The Return of the Cimarons
Jamaican natives The Cimarons started in England in 1968, with a line-up consisting of Franklyn Dunn (Bass), Carl Levy (Keyboards), Locksley Gichie (Guitar), Maurice Ellis (Drums). Patrick Guy was the band’s first lead singer. He was soon replaced by Carl Lewis, who became the lead vocalist on the band’s early releases; ‘Mammy Blue,’ ‘Struggling Man’ etc. Pama Records, (later called JetStar) were the first company to record and release the band. Eventually, vocalist Winston Reid (better known as Winston Reedy), joined the band in 1973.
They were primarily session musicians and were the studio and live performance backing band for many artists, including: Pat Kelly, Ken Boothe, Jimmy Cliff, Desmond Dekker, Derrick Morgan and many more. Yes, over the years, some of you have unknowingly listened and danced to the music of The Cimarons, backing some of your favourite singers and DJs.
Recording and performance artists such as: Ken Boothe, Alton Ellis, Stranger Cole, Slim Smith, Toots & the Maytals, Marvels, Pat Kelly (and many more), have all benefitted from this band’s high calibre of musicianship. Their tightness and versatility as a band sets them apart from their contemporaries, with the legacy of having backed so many reggae hits. After all, they were Trojan Record Company’s ‘House band’ and as an example, to name two extreme styles, they played all the music on the Dennis Brown album; ‘Just Dennis.’ They were also the band Known as Hot Rod All Stars, and were the band behind the then popular Judge Dread, playing on all his recordings.
The Cimarons enjoy several firsts in the Reggae music; one being the first Reggae band to perform live in Spain and Paris, and in 1974, they were the first reggae band to tour Japan (with The Pioneers). Later that year, the band backed Bob Marley and Johnny Nash on their first UK national tour.
For a band that has been so busy backing other artists, they have a surprisingly prolific body of their own work and international hits. To date, the band has had 7 singles and 5 albums releases. This is remarkable considering how busy they have been backing other artists. All their tracks are amazingly different; no two songs or music sound the same.
Their first hit single ‘Mammy Blue’ was produced by the legendary Dandy Livingstone. Their first LP ‘In Time’ on Trojan Records in 1974, featured a rendition of the O’Jays ‘Ship Ahoy,’ ‘Utopian Feeling,’ ‘Over the Rainbow’ and ‘My Blue Heaven.’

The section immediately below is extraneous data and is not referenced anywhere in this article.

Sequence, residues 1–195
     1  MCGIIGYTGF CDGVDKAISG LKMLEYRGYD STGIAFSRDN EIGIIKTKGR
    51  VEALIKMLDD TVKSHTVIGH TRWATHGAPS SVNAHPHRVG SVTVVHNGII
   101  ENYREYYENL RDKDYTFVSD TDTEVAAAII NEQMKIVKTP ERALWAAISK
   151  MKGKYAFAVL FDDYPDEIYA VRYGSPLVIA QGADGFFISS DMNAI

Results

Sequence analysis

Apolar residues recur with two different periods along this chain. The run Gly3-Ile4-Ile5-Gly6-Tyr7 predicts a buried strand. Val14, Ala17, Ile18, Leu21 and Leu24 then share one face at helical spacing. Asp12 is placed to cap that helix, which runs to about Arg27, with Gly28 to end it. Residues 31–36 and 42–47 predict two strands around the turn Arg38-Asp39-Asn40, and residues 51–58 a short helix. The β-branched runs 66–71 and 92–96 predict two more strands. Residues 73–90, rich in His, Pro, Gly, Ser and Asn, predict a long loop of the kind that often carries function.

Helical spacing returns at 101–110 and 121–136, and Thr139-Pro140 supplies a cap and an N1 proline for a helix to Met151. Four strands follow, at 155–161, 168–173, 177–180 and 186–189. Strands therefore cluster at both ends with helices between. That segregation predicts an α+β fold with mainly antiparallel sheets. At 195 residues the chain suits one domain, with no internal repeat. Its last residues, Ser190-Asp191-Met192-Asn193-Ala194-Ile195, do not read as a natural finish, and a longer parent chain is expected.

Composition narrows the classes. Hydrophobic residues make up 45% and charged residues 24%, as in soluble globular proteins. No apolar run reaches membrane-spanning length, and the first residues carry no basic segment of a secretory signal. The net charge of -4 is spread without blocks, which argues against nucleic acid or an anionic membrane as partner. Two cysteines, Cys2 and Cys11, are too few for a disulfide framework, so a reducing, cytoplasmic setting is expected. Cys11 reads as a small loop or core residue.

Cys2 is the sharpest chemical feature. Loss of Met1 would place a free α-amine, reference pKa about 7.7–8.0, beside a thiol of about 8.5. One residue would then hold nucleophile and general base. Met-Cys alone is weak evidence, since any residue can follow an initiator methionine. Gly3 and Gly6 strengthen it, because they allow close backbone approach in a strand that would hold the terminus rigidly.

Also in 1974 they did a cover of Bob Marley’s ‘Talking Blues,’ which went to number 1 in Jamaica for eight weeks.
Vulcan Records released ‘On the Rock’ two years later.
In 1977 the band recorded an album called ‘Reggae.’
They switched to Polydor Records releasing ‘Live at the Roundhouse’ in 1978. Polydor released ‘Maka’ the same year. Three more albums followed; ‘Freedom Street,’ ‘Reggaebility’ and ‘On the Rock Part 2.’ After the last of these in 1983, they didn’t surface again until 1995, when Lagoon Records released; ‘People Say’ and ‘Reggae Time,’ both compilations of earlier albums followed by ‘The Best of The Cimarons,’ released in 1999 on Culture Press.
The Cimarons have been Reggae ambassadors since the 1960s.
In 1969, the band travelled to Ghana and Nigeria on their famous ‘Soul Messengers Tour.’ Since then they’ve been everywhere. They remain a very popular band on all continents and even after all these years, their music is still being played on air in the countries they have performed. Although like many bands based in Britain, they remain more popular abroad than they are at home, even with several British television appearances, including Top of the Pops backing Ken Boothe on his number 1 ‘Everything I own’ and others. They also made several appearances on ‘The Old Grey Whistle Test.’
In 1978 the band was called in by Paul and Linda McCartney to record the album ‘Reggaebility’ and also appeared in the video for the song ‘Big Girls Don’t Cry,’ a single from the album. In the same year, the band appeared in the video ‘Ebony & Ivory’ with Stevie Wonder and Paul McCartney.
Being very culturally aware, humble and spiritual individuals, the band has always been ready to give back to the community and have to that end played at many festivals and charity events, including the Anti-Nazi League’s ‘Rock against Racism’ Tour in 1977. That same year they toured Northern Ireland and after several performances in Dublin and Cork, the band was awarded the Fans trophy 1977, for being the first Reggae group to tour Northern Ireland. Over the years, many more awards followed including the Jamaican Gleaner Award.
In 2013, the band was given a plaque by Brent Federation of Reggae Music & Brent Council, which is sited at Tavistock Church Hall, in Harlesden, North West London.
New times are coming for The Cimarons. Lately, there has been talk in the grassroots about ‘The Return of the Cimarons.’ We here at BASS 1 Entertainment can confirm that the band has joined us! And their new single ‘Let Love Grow,’ a very catchy Reggae dance track, will be on release on the BASS 1 label at the beginning of December 2016.